I’ve become a curator. Recently, I’ve inherited an immense collection of knowledge that I need to transfer to a receptive, but fickly audience. The museum I work for is the institute of parenthood and my audience just one, but a very loyal (and forgiving) one: my son. We’re the ideal museum – free access and wifi, flexible opening hours, great coffee – but also an extraordinary one: Instead of designing exhibitions, we play games.
The rational behind games and play as an educational tool can be found in any David Attenborough documentary, “To the young cubs, play is serious business. Through their innocent games they learn invaluable lessons about survival in the wild.” (Can you hear his voice?) The 21st century and its call for life-long learning has made us all cubs, even if our wild is a modern office environment.
Good games and play are fun. It’s what sets them apart from work. A brilliantly sticky quote by Sebastian Deterding, paraphrasing Ralph Koster says that “fun is learning under optimal conditions”. In other words, we learn from everything that is fun and when we’re having fun, we’re learning. This is a convincing call for all facilitators (parents, teachers, museums) to use games and play as much as we can.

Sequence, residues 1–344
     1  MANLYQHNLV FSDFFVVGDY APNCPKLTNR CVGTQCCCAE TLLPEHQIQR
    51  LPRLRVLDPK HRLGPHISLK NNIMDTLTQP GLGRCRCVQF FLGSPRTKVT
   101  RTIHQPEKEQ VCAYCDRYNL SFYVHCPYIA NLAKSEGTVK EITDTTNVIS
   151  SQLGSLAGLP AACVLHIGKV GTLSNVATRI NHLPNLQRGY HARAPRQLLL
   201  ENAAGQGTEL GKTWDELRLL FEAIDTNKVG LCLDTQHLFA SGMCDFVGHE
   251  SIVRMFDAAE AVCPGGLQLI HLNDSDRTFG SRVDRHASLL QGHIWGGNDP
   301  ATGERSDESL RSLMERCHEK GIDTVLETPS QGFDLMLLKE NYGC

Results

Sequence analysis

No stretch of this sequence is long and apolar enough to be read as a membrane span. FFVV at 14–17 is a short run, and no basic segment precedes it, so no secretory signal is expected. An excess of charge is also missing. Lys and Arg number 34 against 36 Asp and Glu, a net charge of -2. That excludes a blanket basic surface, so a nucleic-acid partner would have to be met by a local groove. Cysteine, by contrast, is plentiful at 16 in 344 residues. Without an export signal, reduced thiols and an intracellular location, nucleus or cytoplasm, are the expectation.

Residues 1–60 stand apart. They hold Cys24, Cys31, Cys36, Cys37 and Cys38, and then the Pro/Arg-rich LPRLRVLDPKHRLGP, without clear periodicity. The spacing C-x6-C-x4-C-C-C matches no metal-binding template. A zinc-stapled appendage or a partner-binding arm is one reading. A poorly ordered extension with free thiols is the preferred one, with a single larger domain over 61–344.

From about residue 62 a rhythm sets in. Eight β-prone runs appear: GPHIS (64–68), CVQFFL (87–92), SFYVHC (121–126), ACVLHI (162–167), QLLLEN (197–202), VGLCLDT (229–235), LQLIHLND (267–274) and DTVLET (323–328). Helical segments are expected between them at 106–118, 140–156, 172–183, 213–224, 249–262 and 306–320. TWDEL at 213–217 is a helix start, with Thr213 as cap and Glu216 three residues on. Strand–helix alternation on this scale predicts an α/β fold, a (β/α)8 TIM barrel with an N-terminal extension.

And we do, or have been trying to do recently. Codeword: Gamification. By adding common game elements to traditional systems, we make them more fun and enhance learning. Unfortunately, as people like Adrian Hon from Zombies, Run! fame point out, it doesn’t work that way. Gamification – leaderboards, badges, achievements – doesn’t necessarily create games; it doesn’t necessarily stimulate play. Continue ReadingRead More »